The legendary (if media-propagated) Brat Pack proved to be an intrinsic part of 80s pop culture, and was a movement which grew primarily out of the films of John Hughes. The Michigan-born filmmaker enjoyed an incredibly prolific run in a relatively short time, but it was his seminal work The Breakfast Club (now celebrating its 30th anniversary) which stood out from the rest of the titles and really put him on the map as a key on-screen chronicler of teen angst. Finding a place within the hearts of subsequent teenagers and referenced much later (and most glaringly) by Dawson’s Creek creator Kevin Williamson, The Breakfast Club has, happily, stood the test of time.
As soon as the first bars to Simple Minds’ Don’t You Forget About Me kick in during the opening credits, an inescapable feeling of warm nostalgia can’t help but creep in. In an era brimming with bawdy teen sex farces, The Breakfast Club is the antithesis of this, offering a grounded and incredibly well-drawn portrayal of teenagers who have more pressing issues on their mind than getting laid. The film’s ridiculously simple premise and stripped down theatrical set-up is mined for rich dramatic and comedic effect by its director and scriptwriter. Adrift from the comfortable confines of their individual social groups (which are clearly delineated in the film’s opening voice-over) the characters, made up of disparate group of high-school students forced together by Saturday detention, are expertly dissected by their creator.
Hughes is almost like an invisible figure in the film, sitting silently on the periphery and observing the action (his closest screen embodiment is Ally Sheedy’s delightfully eccentric recluse). Class and social boundaries are put under the microscope, and while the kids speak in a mannered style which perhaps betrays their years (a device super-fan Diablo Cody adapted in her breakout hit Juno) the sharp and always insightful script never throws anything but a genuine gaze on the characters. The unforgettable cast complement each other perfectly, and while Molly Ringwald may have achieved something close to icon status with this and her subsequent roles from that period, it’s Judd Nelson (who seems to have dropped off the map completely) who makes the biggest impression here.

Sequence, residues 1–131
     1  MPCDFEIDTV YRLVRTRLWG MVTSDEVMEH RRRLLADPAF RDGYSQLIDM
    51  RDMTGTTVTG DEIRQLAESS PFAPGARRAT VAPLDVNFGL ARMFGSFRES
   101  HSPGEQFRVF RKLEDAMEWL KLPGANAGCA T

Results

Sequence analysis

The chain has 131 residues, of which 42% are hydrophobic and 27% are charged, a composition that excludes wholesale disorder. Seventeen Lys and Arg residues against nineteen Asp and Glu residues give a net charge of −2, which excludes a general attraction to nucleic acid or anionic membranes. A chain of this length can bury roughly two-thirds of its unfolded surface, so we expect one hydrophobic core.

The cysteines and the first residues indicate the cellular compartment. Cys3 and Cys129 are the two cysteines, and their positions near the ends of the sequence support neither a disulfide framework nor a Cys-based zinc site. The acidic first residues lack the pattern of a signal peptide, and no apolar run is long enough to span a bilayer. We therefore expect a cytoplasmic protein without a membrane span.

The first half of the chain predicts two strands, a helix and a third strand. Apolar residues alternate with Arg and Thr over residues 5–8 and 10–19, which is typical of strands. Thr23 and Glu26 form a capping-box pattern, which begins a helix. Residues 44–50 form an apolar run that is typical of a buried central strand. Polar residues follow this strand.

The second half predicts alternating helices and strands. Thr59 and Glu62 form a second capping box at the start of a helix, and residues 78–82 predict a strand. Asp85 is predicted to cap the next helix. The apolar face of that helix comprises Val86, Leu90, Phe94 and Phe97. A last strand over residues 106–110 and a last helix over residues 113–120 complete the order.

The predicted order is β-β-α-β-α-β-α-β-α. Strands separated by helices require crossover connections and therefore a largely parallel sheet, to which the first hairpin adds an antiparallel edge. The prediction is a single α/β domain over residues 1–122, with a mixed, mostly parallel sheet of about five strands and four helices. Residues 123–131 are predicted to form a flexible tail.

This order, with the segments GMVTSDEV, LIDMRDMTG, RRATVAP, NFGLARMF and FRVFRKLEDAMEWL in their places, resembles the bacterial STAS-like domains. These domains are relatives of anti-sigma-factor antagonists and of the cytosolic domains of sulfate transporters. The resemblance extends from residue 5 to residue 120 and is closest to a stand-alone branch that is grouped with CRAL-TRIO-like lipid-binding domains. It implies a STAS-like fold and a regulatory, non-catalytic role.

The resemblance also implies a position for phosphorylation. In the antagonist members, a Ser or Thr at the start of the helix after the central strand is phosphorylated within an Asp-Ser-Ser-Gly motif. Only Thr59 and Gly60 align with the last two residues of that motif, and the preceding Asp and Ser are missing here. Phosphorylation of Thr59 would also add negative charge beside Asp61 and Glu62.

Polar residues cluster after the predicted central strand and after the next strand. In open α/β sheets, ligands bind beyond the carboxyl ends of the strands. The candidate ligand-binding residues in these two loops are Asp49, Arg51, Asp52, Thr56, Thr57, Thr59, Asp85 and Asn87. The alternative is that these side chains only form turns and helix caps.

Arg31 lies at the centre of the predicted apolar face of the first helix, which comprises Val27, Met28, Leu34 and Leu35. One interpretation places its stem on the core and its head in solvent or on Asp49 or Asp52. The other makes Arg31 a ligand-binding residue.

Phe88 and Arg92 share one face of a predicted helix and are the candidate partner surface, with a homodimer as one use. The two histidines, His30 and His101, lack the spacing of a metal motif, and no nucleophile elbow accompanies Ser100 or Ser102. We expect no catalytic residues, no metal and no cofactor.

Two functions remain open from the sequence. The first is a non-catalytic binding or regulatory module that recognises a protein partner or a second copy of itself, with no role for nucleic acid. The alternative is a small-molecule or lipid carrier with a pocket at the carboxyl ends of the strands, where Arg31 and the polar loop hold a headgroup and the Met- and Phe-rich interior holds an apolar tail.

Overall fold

Nelson is an absolute force of nature as the ‘criminal’ of the pack – a bad boy nursing the scars of a painful upbringing. If the comedy is a little broad on occasion, it’s expertly balanced with the dramatic content which really comes to the fore as the film progresses. The introspective, almost Chekhovian nature of the latter part as the group asses their punishment is what truly sets it aside from other teen wannabes and has contributed largely to its cultural and emotional longevity. The Breakfast Club stands as one of the definitive teen films and when Nelson throws that triumphant fist pump at the very end of the film, this lovingly complied anniversary disc may give you the overwhelming desire to do the same upon viewing.